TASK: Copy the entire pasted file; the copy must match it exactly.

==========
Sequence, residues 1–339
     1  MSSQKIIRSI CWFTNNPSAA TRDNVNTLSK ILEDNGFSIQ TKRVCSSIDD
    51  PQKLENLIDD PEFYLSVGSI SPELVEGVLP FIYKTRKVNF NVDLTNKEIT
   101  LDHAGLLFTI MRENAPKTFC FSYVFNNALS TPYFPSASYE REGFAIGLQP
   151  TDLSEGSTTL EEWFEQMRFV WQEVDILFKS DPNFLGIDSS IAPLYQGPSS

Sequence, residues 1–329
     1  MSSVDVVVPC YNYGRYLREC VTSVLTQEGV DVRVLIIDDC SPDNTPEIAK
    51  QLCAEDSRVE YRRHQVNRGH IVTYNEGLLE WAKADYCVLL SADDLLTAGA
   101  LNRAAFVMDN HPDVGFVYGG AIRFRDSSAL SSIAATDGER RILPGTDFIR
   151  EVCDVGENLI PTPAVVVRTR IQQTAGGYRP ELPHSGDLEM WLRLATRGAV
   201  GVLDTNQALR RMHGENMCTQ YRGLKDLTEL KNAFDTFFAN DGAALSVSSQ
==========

Sequence, residues 1–339
     1  MSSQKIIRSI CWFTNNPSAA TRDNVNTLSK ILEDNGFSIQ TKRVCSSIDD
    51  PQKLENLIDD PEFYLSVGSI SPELVEGVLP FIYKTRKVNF NVDLTNKEIT
   101  LDHAGLLFTI MRENAPKTFC FSYVFNNALS TPYFPSASYE REGFAIGLQP
   151  TDLSEGSTTL EEWFEQMRFV WQEVDILFKS DPNFLGIDSS IAPLYQGPSS

Sequence, residues 1–329
     1  MSSVDVVVPC YNYGRYLREC VTSVLTQEGV DVRVLIIDDC SPDNTPEIAK
    51  QLCAEDSRVE YRRHQVNRGH IVTYNEGLLE WAKADYCVLL SADDLLTAGA
   101  LNRAAFVMDN HPDVGFVYGG AIRFRDSSAL SSIAATDGER RILPGTDFIR
   151  EVCDVGENLI PTPAVVVRTR IQQTAGGYRP ELPHSGDLEM WLRLATRGAV
   201  GVLDTNQALR RMHGENMCTQ YRGLKDLTEL KNAFDTFFAN DGAALSVSSQ